Mitochondrial disease is essentially a disease that impacts how our bodies produce energy. Mitochondria are quite literally the energy factories in most of our cells, they are an integral part in how we convert lots of different food sources into a common energy currency, adenosine triphosphate (ATP), that can be used in the brain or the liver or wherever it is needed.
Given its importance, any disease that impacts how we use energy is devastating.
Mitochondria work by combining food with oxygen. Oxidation can be good, like when a car burns gasoline, or it can be bad, like when a car rusts. Because mitochondria are used in all organs, a mild or severe case of mitochondrial disease will impact organs to varying degrees. It can affects 1 in 5,000 people so science is researching how to prevent, like with transplants during the fertilization process (so-called Three Person IVF) and after a person is born.
In young but rapidly aging mice, high-fat diet feeding (right) ramps up heat production and metabolic activity relative to cooler mice fed a normal chow diet (left). Image: Courtesy of the Salk Institute for Biological Studies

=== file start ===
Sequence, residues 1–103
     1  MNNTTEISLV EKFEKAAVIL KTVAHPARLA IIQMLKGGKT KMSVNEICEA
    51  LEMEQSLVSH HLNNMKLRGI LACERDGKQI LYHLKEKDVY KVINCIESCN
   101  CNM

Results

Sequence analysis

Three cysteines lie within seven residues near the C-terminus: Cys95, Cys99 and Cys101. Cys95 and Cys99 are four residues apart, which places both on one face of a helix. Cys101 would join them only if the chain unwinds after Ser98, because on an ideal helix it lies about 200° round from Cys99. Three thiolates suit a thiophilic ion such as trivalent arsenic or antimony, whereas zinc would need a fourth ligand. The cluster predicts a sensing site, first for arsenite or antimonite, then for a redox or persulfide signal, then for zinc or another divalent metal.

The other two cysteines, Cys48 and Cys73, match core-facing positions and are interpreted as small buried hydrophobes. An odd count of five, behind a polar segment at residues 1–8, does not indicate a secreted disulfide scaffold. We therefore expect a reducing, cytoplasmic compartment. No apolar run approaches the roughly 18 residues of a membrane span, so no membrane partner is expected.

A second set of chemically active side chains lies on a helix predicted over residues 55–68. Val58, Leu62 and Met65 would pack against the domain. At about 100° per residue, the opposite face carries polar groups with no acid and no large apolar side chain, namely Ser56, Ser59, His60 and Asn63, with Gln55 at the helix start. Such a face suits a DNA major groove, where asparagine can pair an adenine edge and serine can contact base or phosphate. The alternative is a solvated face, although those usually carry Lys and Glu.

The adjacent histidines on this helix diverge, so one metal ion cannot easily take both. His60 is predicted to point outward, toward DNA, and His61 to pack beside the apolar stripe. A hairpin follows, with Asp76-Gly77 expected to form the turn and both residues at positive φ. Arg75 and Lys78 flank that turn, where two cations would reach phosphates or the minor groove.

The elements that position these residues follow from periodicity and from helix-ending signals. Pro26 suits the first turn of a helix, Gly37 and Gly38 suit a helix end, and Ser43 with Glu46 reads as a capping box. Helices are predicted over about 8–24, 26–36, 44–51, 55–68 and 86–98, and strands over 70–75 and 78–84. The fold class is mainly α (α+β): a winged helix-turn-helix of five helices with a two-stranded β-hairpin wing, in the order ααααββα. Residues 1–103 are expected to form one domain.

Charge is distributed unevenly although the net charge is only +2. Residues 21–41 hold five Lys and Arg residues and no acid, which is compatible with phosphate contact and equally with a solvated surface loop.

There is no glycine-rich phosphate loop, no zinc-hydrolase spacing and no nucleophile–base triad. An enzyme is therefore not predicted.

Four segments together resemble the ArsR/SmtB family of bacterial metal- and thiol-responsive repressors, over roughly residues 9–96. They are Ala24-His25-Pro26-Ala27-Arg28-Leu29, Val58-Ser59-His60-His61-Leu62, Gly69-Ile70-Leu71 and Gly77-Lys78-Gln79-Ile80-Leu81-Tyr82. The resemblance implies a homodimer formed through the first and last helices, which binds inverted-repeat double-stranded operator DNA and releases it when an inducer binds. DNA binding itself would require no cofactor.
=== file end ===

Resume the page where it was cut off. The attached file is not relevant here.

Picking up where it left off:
There may be some hope, according to a new study in mice - a hormone called FGF21, an "anti-aging" gene, assists mitochondria that are functioning poorly by letting them burn fat instead of sugar. But when the fat runs out, problems still occur. Yet on a high-fat diet, the effect is dramatic, the hormone causes dysfunctional mitochondria to behave more like normal ones.
It isn't a cure for mitochondrial disease, but it may make it manageable, like diabetes.
Citation: Christopher E. Wall, Jamie Whyte, Jae M. Suh, Weiwei Fan, Brett Collins, Christopher Liddle, Ruth T. Yu, Annette R. Atkins, Jane C. Naviaux, Kefeng Li, Andrew Taylor Bright, William A. Alaynick, Michael Downes, Robert K. Naviaux, and Ronald M. Evans High-fat diet and FGF21 cooperatively promote aerobic thermogenesis in mtDNA mutator mice PNAS June 29, 2015, doi:10.1073/pnas.1509930112